It seems to me that by outlawing distress we have denied dying people the right to talk about this most significant of events. How often is the person who is dying told, when they want to express their feelings about it, “Don’t be talking like that, shure you’ll outlive us all”? What does it feel like, I wonder, to have to put up with that sort of nonsense when you are trying to make sense of your own death?

We will all face death in our own different ways. What Nuala’s interview has done, I hope, is to give permission to those who wish, in the words of Dylan Thomas, to “rage, rage against the dying of the light” to go right ahead and do so regardless of how the rest of us feel about it.

I wish Nuala some comfort in her journey.


Gerry Kennedy said...

Upon deep reflection after listening to Ms. O'Faolain's interview on the subject of her "imminent" death from disease, I ask two questions:

1. Does she see how narcissistic, materialistic and selfish she sounds in the face of death to care more about her $1000.00 curtains than perhaps making amends to people she has wronged in her life through her own actions and words?

2. What will happen if, after all her sturm and drang, she does not succumb to her illness?

Ms. O'Faolain is a sorry character indeed and should be pitied, not exalted.

laurie said...

i am devastated to hear of nuala's disease. my wonderful older sister died of cancer, as did my dad. my sister was just as devastated, raged just as much. she put on a brave and cheery face for most of the world--her children, her husband, even her doctors.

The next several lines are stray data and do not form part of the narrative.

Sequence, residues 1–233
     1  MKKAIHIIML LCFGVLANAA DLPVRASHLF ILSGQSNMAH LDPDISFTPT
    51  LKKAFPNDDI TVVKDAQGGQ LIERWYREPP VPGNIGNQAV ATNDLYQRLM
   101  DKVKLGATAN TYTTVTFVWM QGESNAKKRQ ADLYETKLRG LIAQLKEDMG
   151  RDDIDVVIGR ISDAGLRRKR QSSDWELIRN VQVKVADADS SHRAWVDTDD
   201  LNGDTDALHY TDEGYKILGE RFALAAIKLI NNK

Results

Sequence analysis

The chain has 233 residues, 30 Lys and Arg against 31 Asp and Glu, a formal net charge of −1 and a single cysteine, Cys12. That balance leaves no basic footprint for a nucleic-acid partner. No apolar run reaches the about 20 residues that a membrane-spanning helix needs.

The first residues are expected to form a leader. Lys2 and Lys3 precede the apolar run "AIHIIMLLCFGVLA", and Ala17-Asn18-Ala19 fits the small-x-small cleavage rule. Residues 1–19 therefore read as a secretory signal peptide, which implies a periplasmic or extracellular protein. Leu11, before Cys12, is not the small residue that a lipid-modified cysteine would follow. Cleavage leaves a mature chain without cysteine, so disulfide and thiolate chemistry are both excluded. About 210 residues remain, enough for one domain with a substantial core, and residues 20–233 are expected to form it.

but i heard her rage. her sorrow.

it is not narcissistic and materialistic to care about things like curtains; we are not all one thing, and we carry all kinds of contradictory feelings and desires within us always, whether we are dying or not.

(and what a strange and unkind judgment to have about a dying woman!)

and what will happen, Mr. Kennedy, if she does not die after all? my god. what a question.

what a question.

patrick said...

A 'strange and unkind comment'? Harsh and cold I would say... Do you bear a grudge against Nuala, Gerry?

Anonymous said...

As a Nurse and a person who has had a very close friend die of Cancer I think Nualla should be allowed to say how she truely feels about approaching Death.It takes guts to listen to a loved one speak about their fears and express their anger.No wonder it's a lonely time if all the people around you want to do is utter platitudes and think less of you for not being Cheery.

Padraig O'Morain said...

I agree very much with Anonymous that to be obliged to utter only platitudes when you really want to talk about the reality of your feelings about your own death is cruel. As for Gerry Kennedy's comments, well, I think he knows little about death and dying - perhaps one day he will know more and will reconsider his views.